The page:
B2: Remembering and Practising Diversity in a Post-Multi-Ethnic City
Dr. Piotr Goldstein (ZOiS)
Łódź throughout the ninetieth century rose from a small town to one of the fastest demographically developing cities in the world, one that had no ethnic majority but similarly sized German, Jewish and Polish populations. Thessaloniki, has long been an international symbol of diversity and cosmopolitanism. For big part of its history the city had a Sephardic-Jewish majority and considerable Turkish, Slavic-speaking and Greek populations.
Both cities changed from truly cosmopolitan to practically mono-ethnic throughout the twentieth century, primarily because of wars, expulsions, and migrations. Now, at the beginning of the twenty-first century, because of new wars and new migrations, both again become more diverse – ethnically, culturally, and linguistically. In Lodz where at the beginning of the twentieth century one could see shop-signs in German, Yiddish, Polish and Russian, today multilingual, mostly Ukrainian, and Russian signs, make their (re)entry into the public space. In Thessaloniki, new migrants, mostly from Africa and the Middle East change the soundscape of the city.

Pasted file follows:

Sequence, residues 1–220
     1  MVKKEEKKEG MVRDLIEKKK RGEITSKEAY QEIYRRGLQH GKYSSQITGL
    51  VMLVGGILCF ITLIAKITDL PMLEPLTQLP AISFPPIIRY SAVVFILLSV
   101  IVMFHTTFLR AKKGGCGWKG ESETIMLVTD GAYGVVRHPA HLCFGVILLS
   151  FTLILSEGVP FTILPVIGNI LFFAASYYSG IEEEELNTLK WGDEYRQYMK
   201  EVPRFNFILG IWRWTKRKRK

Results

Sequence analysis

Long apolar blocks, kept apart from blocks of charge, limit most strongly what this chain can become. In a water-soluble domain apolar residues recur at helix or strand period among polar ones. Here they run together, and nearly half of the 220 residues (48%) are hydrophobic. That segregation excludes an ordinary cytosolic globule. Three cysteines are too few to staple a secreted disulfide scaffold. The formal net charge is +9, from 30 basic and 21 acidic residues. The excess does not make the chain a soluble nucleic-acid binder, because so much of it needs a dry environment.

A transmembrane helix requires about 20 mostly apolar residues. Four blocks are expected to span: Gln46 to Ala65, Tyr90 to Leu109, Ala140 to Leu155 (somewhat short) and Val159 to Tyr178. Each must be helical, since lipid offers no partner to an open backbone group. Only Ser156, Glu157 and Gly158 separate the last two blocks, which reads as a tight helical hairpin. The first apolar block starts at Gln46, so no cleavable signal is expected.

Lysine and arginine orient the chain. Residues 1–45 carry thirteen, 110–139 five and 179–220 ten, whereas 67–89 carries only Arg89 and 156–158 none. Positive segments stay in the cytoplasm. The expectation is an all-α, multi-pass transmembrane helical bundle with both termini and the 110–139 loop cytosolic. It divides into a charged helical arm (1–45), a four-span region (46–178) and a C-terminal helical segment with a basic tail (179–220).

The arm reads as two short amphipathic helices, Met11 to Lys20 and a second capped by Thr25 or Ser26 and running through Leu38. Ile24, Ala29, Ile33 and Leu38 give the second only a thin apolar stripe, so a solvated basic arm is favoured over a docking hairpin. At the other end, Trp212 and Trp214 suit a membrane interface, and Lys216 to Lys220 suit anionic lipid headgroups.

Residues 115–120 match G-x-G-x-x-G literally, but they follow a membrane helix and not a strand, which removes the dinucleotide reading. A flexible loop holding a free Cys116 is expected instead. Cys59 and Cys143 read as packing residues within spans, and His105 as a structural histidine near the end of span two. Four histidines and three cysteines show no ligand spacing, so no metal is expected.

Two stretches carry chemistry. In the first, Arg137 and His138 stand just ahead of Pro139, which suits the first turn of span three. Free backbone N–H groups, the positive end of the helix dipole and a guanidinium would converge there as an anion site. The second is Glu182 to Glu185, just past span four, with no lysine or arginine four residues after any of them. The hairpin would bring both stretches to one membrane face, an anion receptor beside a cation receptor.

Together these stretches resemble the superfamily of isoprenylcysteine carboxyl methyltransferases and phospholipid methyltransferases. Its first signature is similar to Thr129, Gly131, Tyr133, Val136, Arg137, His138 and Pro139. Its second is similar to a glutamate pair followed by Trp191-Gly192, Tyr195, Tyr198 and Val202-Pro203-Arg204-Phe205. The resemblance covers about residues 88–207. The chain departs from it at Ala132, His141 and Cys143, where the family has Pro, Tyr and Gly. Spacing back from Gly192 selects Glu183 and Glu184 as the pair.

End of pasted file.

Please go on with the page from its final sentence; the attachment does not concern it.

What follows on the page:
Working with the elderly, the activists who cherish multi-ethnic past in their work, remaining minorities, and new migrants, this project explore ways in which the bygone diversity is being remembered, the new one is practised, and the links between the two are drawn. The project uses visual and sensory ethnography to engage directly and dialogue with its key protagonists and other stakeholders of the change.
- How is the multi-ethnic conviviality remembered when ethnic diversity decreases?
- What is the importance of personal, generational, and historical legacies of social engagement for that memory?
- How do the (few) members of ethnic minorities and the new migrants now present in the post-multi-ethnic cities affirm their citizenship through everyday practices of social engagement?
- What is the meaning and (practical) value of ‘old diversities’ for these new migrants?
Methodology and sources
- visual and sensory ethnography